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6 Deflationary Signs and How to Prepare
06/18/2012 10:30 am EST
Signs of deflation have left the realm of ivory-towered economists and are now palpable even to keen-eyed observers in Silicon Valley and Wall Street, notes Kas Thomas of AssertTrue().
I'm not an economist by training, but that won't keep me from advancing a hypothesis or two about the economy. My main thesis is that there are significant deflationary forces at work today (mostly new in the last six months), which could have unexpected consequences in the months ahead.
Not all parts of any economy are deflationary. Some are inflationary. But it's important to recognize what the deflationary forces are.
Deflation is (colloquially, at least) a situation in which too little money is chasing too many goods. Ultimately, this leads to a surplus of goods and lowered prices on them, with a corresponding strengthening of currencies.
One of the great examples of deflation cited in textbooks is the deflation that occurred from the period of 1870 to 1900, as the dramatic productivity gains of the Industrial Revolution (combined with relatively modest increases in wages) resulted in cheap goods with few buyers. I think we are living a replay of this situation today.
Gains in computing power (with Moore's law) combined with the application of technology to production (resulting in historic high productivity), combined with the devaluing of ordinary items of consumption via competition on the Internet (e.g. Amazon (AMZN)), combined with declining earning power (in real terms) for most workers, has led to a phantom deflationary economy that runs in parallel with an inflationary economy.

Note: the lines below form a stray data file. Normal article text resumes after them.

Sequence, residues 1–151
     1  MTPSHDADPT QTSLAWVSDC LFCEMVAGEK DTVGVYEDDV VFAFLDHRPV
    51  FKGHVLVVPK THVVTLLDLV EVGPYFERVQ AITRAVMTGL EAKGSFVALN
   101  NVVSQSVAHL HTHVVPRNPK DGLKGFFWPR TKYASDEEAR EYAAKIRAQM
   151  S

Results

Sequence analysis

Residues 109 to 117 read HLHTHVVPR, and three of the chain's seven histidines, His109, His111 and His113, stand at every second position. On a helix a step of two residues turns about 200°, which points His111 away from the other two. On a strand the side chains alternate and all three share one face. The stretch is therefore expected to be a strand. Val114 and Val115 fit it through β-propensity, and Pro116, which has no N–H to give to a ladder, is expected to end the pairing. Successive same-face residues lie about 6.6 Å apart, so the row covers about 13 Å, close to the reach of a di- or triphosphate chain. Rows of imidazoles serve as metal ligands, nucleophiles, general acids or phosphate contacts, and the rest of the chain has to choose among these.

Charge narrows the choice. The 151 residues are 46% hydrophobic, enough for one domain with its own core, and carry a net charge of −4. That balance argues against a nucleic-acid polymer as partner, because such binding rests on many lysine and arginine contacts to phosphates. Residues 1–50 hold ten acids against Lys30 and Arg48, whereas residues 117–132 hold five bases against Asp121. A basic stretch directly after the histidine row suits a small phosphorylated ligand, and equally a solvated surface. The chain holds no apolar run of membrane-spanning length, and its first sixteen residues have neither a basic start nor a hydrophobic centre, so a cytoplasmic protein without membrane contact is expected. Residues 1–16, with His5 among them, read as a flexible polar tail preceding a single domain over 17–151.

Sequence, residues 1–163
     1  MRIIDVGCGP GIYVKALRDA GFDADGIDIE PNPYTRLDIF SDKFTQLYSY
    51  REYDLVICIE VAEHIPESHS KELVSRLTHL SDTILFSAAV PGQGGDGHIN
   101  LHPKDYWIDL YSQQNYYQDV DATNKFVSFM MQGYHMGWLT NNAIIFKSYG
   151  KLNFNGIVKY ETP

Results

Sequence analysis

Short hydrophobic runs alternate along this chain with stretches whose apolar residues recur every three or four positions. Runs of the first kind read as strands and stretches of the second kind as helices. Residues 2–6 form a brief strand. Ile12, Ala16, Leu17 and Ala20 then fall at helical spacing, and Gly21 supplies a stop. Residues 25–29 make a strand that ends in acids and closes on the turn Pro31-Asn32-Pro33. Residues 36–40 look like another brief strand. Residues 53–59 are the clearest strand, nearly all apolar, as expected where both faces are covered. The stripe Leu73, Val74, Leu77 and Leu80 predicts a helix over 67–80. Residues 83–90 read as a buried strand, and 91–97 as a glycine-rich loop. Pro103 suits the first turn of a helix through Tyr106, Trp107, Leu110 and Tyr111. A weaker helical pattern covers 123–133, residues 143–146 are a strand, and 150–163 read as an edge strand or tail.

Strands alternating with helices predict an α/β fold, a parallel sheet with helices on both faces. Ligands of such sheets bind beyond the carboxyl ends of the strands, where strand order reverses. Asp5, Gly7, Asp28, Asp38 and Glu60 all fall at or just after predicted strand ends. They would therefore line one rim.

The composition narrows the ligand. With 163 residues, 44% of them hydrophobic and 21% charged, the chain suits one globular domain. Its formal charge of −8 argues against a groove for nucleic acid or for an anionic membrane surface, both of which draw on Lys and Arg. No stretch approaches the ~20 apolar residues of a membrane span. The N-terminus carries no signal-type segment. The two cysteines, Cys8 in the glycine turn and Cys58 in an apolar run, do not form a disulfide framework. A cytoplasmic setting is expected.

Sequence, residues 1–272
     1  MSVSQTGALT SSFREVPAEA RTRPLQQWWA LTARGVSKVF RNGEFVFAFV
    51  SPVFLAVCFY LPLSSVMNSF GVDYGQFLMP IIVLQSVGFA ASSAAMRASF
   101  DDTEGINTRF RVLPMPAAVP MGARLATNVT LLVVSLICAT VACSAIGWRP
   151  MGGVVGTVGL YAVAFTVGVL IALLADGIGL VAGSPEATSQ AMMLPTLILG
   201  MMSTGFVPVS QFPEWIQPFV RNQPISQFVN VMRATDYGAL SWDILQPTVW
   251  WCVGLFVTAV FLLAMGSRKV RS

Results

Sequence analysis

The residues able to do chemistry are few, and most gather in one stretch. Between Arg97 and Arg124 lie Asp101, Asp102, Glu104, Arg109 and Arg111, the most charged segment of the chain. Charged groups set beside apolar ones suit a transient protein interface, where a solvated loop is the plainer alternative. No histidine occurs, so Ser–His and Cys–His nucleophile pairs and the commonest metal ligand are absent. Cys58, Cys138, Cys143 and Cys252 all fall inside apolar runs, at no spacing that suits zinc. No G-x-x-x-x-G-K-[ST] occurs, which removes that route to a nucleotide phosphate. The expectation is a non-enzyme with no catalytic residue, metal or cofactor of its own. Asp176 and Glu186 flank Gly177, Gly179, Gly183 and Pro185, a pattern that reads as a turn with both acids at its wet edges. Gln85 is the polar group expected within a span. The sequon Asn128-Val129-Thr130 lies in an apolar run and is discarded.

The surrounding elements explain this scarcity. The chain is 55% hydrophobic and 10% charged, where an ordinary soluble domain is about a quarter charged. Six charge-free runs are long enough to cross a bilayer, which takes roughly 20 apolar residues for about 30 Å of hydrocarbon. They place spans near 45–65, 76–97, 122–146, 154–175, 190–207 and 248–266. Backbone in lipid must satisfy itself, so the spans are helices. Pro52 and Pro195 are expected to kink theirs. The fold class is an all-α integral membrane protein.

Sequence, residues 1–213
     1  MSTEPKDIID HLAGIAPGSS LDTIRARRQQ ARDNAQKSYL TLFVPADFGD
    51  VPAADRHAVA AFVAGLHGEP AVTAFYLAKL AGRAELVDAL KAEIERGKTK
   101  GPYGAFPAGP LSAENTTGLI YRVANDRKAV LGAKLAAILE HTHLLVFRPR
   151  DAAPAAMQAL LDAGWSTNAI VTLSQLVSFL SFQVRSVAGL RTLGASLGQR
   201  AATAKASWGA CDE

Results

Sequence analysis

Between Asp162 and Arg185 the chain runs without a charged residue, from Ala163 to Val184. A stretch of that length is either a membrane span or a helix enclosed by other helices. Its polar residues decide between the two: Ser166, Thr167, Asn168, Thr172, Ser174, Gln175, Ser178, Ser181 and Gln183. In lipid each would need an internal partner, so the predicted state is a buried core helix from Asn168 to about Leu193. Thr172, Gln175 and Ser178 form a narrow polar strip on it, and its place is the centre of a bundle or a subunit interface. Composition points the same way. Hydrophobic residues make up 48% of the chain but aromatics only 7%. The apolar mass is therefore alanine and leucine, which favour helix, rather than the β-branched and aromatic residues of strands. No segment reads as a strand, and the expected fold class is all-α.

The evidence for deflation, today, comes from many sources.
- Petroleum has been declining in price (significantly) recently.
- Natural gas (a feedstock for plastics, as well as an energy source) is at historic low prices.
- Base metals (steel, aluminum, copper, etc.) are sinking in price.
- Precious metals have been on a downtrend since February.
- Soft commodities (e.g., agriculturals) have been on a steady decline since February.
- There is a glut of unsold real estate in the US, depressing prices. In China, home prices have declined 15% or more in the past year.